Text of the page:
While the inclusion of the relation would fix it, I've always thought that the xf_permission_combination table should be cached in the data registry. It's not terribly large, it changes very rarely and is queried multiple times a second even on a moderately trafficked site (could be 100+ times per second on a high traffic site)... every request more or less to get the guest user permission combination.
isn't very large,
can grow to be very large.
On-disk compression can make fairly big difference for one of my sites;
# du -hs --apparent-size /var/lib/mysql/xenforo/xf_permission_cache_content.ibd
# du -hs /var/lib/mysql/xenforo/xf_permission_cache_content.ibd
Not storing "false" permissions, would reduce the
size a measurable chunk. And improve memory usage when a large number of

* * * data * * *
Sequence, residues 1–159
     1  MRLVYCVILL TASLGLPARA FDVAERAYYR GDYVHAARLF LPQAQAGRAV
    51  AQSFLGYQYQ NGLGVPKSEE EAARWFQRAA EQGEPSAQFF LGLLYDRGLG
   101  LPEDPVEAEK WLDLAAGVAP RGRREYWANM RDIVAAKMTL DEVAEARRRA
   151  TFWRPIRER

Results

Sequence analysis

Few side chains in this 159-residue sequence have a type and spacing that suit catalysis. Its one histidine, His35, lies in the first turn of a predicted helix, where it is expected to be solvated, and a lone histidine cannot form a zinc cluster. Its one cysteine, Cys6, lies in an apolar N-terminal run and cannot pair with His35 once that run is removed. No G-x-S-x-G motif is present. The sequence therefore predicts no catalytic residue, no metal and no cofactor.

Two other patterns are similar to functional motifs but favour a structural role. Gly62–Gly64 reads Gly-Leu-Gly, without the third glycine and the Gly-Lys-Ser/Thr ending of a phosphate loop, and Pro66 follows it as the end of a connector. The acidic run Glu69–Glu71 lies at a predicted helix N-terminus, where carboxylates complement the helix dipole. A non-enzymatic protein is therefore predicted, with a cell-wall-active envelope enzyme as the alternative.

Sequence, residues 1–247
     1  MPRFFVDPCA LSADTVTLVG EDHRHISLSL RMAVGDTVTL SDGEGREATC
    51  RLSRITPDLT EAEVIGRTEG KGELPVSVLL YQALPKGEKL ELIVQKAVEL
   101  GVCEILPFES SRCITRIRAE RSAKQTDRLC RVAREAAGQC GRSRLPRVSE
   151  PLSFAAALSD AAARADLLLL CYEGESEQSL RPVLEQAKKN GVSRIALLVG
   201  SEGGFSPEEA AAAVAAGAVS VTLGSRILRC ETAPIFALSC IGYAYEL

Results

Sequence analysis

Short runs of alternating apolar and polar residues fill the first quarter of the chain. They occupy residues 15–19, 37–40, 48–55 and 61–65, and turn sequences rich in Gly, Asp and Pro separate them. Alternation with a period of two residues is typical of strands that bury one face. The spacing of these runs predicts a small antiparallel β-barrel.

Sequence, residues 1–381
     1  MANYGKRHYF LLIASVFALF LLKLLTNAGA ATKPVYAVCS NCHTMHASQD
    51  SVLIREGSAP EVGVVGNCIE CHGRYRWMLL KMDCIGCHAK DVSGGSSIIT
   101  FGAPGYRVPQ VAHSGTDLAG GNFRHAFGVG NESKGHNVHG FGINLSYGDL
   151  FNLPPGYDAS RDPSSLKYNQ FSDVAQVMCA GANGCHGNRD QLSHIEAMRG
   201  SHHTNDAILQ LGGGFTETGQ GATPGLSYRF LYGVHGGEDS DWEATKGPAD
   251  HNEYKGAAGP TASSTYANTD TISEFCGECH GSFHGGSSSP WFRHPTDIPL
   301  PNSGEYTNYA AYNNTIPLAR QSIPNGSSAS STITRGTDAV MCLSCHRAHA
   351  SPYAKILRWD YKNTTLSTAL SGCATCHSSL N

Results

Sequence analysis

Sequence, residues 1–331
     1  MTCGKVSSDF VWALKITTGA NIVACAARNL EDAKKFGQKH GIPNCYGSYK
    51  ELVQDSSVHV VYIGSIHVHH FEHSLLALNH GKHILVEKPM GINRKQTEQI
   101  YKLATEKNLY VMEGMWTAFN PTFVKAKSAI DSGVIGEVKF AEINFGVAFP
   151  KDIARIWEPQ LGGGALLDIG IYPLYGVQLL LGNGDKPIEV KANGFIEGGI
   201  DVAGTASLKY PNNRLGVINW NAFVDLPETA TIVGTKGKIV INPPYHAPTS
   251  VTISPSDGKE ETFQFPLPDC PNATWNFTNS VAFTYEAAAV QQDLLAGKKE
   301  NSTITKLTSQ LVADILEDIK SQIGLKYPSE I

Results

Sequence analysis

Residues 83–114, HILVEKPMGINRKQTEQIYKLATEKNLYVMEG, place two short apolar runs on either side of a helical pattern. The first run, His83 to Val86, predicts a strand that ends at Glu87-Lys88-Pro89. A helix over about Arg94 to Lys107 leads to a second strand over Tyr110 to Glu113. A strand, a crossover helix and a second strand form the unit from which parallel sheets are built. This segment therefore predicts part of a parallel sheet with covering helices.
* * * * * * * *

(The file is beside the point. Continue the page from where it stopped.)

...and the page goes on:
entries are loaded.
This is because php's memory usage skyrockets when a very large number of
are loaded, as php array format quite memory heavy when you've got hundreds of keys. Classes don't really save you much either.
The linked 'Cache Permission Check' add-on caches to redis all the
rows for a permission_combination_id pruned of "empty/false" permissions which saves about 30% memory usage. That add-on also goes further and scrapes out permission table joins for a large number of entity finders, which reduces SQL query result sizes, as they just hit the redis cache instead.
Maybe I'm missing something, but it looks like it would be fairly easy to do it... define a data registry entry, read from the data registry in
\XF\PermissionCache::getGlobalPerms(), reset data registry in
\XF\Job\PermissionRebuild, and that's it? Maybe I'm missing something. Would save a lot of queries on any site regardless.
The tricky part is the cache invalidation. My add-on ends up extending +10 points to trigger cache invalidation in the various required ways to make it robust